2012年4月25日 星期三

Nonlinear dimensionality reduction by locally linear embedding

In this paper, the authors want to find the low-dimension representation of the observed data which considers the original data structure. In real world, we receive lots of stimuli at the same time, such as  the pixel intensities of images, the power spectra of sounds, and so on. These oberservations typically have a much more compact description, and are lied on or close to a smooth low-dimensional manifold.  Thus, in this paper, they assume the data are generated on some low-dimension manifold as Fig1 shows.

Traditional method, such as PCA, cannot preserve the distances on the manifold and might lower the performance. LLE (locally linear embedding) wants the find the axes along with the manifold, as figure(c) shows.

Figure 2 is the overview of the algorithm. I will describe them in detail in the following :
For every point, they first find K-nearest neighbors, and use these neighbors to learn the weights which minimize the lose function. (Step 1 in Figure 2)

These weights can be found by solving a least-squares problem.  (Step 2 in Figure 2)
After finding these weights, try to find the low-dimension vector Yi representing the axes on each point.
This can be done by minimizing the following function

That is almost the same as the function in Step 2. The only difference is that the fixed values are Wij now, and we want to find suitable Y. This can be solve by finding the eigenvalues. (Step 3 in Figure 2)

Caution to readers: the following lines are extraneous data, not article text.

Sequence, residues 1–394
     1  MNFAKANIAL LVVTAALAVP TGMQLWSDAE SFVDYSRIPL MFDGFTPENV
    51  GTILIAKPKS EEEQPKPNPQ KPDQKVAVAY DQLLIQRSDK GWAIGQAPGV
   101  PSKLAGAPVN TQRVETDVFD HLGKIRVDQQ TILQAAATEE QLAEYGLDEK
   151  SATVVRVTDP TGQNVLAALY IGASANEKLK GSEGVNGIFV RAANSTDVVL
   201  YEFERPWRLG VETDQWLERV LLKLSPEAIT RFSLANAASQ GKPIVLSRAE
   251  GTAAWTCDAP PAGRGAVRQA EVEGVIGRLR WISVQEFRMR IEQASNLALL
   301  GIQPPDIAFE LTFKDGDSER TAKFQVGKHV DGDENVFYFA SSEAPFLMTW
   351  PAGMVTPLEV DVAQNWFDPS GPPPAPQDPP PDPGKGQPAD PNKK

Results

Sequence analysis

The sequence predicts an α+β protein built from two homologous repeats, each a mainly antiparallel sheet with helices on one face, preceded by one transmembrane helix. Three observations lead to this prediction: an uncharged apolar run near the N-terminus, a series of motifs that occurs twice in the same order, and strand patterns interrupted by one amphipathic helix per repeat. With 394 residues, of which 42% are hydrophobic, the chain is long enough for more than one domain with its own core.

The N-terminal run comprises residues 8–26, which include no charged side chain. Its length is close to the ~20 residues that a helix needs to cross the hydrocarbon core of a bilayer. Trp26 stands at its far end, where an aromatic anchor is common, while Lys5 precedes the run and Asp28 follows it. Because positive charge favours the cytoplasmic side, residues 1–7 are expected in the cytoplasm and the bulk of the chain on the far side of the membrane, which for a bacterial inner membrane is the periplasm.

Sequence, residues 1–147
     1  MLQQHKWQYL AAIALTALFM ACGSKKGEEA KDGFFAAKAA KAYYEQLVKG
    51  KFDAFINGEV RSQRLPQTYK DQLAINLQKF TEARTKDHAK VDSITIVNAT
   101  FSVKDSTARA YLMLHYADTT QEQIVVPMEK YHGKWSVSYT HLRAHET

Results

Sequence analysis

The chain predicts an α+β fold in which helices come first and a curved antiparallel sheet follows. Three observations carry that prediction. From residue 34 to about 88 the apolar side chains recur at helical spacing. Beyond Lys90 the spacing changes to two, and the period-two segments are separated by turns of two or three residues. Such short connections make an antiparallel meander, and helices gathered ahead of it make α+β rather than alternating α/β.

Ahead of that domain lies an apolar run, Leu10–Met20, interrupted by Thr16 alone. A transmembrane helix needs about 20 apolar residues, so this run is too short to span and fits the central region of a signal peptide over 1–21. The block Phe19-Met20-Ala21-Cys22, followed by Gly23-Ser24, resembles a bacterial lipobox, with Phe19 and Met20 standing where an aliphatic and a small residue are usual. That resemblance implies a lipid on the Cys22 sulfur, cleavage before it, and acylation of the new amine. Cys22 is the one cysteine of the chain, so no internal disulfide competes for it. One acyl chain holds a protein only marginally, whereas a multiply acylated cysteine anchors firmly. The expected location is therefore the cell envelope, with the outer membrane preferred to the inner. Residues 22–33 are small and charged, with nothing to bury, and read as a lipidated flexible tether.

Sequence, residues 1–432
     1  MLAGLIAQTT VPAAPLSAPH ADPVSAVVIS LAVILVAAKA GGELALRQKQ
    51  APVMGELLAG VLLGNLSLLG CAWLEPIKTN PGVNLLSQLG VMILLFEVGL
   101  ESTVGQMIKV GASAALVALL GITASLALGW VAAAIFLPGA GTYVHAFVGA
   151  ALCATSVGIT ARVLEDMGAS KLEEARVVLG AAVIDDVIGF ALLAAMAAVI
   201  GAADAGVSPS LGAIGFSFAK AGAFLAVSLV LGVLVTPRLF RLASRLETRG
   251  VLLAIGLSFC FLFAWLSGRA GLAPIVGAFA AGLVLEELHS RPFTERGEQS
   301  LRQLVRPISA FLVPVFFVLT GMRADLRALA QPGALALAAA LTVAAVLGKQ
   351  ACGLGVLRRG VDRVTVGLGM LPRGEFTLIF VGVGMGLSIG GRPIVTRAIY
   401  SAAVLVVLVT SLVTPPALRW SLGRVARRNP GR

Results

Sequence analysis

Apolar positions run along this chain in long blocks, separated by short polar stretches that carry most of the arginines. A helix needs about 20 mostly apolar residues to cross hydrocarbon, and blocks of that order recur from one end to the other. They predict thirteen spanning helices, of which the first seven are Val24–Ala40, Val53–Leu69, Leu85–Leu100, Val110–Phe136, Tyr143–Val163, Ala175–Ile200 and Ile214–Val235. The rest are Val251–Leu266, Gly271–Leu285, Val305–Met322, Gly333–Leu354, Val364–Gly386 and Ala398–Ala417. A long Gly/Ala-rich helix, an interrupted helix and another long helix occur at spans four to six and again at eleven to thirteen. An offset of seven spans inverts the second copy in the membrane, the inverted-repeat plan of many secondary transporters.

After finding the new positions of all points, we can put all the points on the low-dimension space and the result is like figure 1(c).

They do the experiments on the facial images and text documents, and I only show the result of facial images here.
This figure is generated by projection all the points on the ﬁrst two coordinates, and the bottom images correspond to points along the top-right path (linked by solid line). We can find the expressions of these facial images change smoothly. That means, this dimension reduction method really somewhat preserves the semantic distances.

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Comment:
The authors first observe the behaviors the data. Data often have some correlation between certain dimensions of the high-dim space. That is, data can't expend all the space, and they want to find the underlying structure. They find the distance on the manifold is almost the same as the euclidean distance between near points, and assume this property holds for the data. Then, use this property to resolve the underlying structure. That is a good example for solving the problem by observing the property of the data.